Next, with the generator brushes reseated, we used the Sun Chaser battery bank to run Little Jake’s generator like a motor. With controller power still disabled and the tail furled, we back-fed 48 volts to the wind turbine from the junction box at the tower base. Indeed, the machine began to spin and “motor” with ease. This was both promising and unsettling—if it worked as a motor, why wasn’t it delivering power as a generator?
The final test was a simple voltage test, but had to be done with an analog voltmeter instead of a digital multimeter. I recruited friend and fellow windsmith Dave Kiedrowski to come to the MREA the following week to do this test with me. The idea was to watch the needle of the voltmeter (connected to positive and negative terminals on the generator) as we spun the rotor slowly at first, and then gradually up to a “significant” rpm, but not so out of control that we were in danger of being hit by a spinning rotor while strapped to the top of the machine in our climbing gear. According to Mick, we should have seen the voltage gradually rise, and the needle should have steadily climbed, with no spikes, jumps, or drops. But we never saw more than 2 volts register on the meter. The armature was simply not delivering voltage and, for the first time, we were pretty certain that the problem was within the armature windings.
It was too windy to unfurl the tail and work safely while we were on the tower, so we repeated this voltage test at the base of the tower, with the leads of the analog voltmeter connected to the conductors in the junction box. We manually unfurled the tail. At high wind speeds with a swiftly moving rotor, we were still only seeing a couple of volts. I relayed our results to Mick, and he confirmed that it was time to call a crane operator and take down Little Jake for repair. He agreed that the problem was in the armature.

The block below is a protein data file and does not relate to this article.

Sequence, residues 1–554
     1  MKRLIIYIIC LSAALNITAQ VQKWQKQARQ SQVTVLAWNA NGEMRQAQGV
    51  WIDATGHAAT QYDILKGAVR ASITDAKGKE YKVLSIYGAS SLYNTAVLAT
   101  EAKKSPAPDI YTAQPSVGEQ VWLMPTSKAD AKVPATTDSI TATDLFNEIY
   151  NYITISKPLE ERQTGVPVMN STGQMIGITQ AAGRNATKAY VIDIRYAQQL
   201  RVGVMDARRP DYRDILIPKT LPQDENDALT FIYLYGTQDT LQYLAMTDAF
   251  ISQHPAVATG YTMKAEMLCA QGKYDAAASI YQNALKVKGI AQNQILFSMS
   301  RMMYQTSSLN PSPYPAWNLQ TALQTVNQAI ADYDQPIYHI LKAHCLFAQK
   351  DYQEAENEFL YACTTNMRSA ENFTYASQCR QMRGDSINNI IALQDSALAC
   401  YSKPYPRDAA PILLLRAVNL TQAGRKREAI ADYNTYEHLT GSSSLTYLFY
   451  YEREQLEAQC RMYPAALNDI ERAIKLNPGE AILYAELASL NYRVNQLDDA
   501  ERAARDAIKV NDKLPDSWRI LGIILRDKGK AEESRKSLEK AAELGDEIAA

Just to be sure the maintenance class hadn’t missed anything, Dave and I repeated the continuity checks and high-resistance megger tests from the BOS to the generator. This time, we used a digital megger with batteries instead of a hand-crank, but the results were identical.
We also checked for shorts from the conductors to the metal tower using a high potential (hipot) tester I borrowed from fellow Jacobs enthusiast Jeff Nichols. Hipot or dielectric-withstanding voltage tests look for insulation breakdown and short circuits, and are often used to check electrical appliances for faults before they leave the assembly plant. Our hipot tests showed no ground faults or shorts to the tower. This was very similar to our tests with the meggers, but was just another tool to use and verify our original findings.
MREA regional training officer Clay Sterling and I worked with a crew and a crane operator to take down Little Jake in September 2011.
Once Little Jake was safely on the ground, MREA site manager Mike White disassembled the machine and packed up the generator for a trip to Mick’s wind turbine repair shop, just a few hours away. On a frigid December day, the three of us cracked open Little Jake and hoisted the armature onto the test bench, a factory original 1940s Jacobs wind generator testing system. A variable-speed DC motor arced and sparked as it drove the shaft of the armature from a slow crawl up to full output, and the needles on the hand-drawn calligraphic meter scales showed us voltage, current, and rpm.
With the generator on the test bench, the problem became quickly obvious. The voltage needle on the analog voltmeter was volatile—but only at an extremely low rpm; it spiked and collapsed with each slow rotation, indicating that there was indeed a short somewhere in the armature windings, likely due to insulation breakdown. Over time, wire insulation can break down with heat, movement, or extreme environmental conditions—three things that are unavoidable in any generator. The Jake is a 1946 machine, and the insulation was 64 years old, having seen some 50 years of service.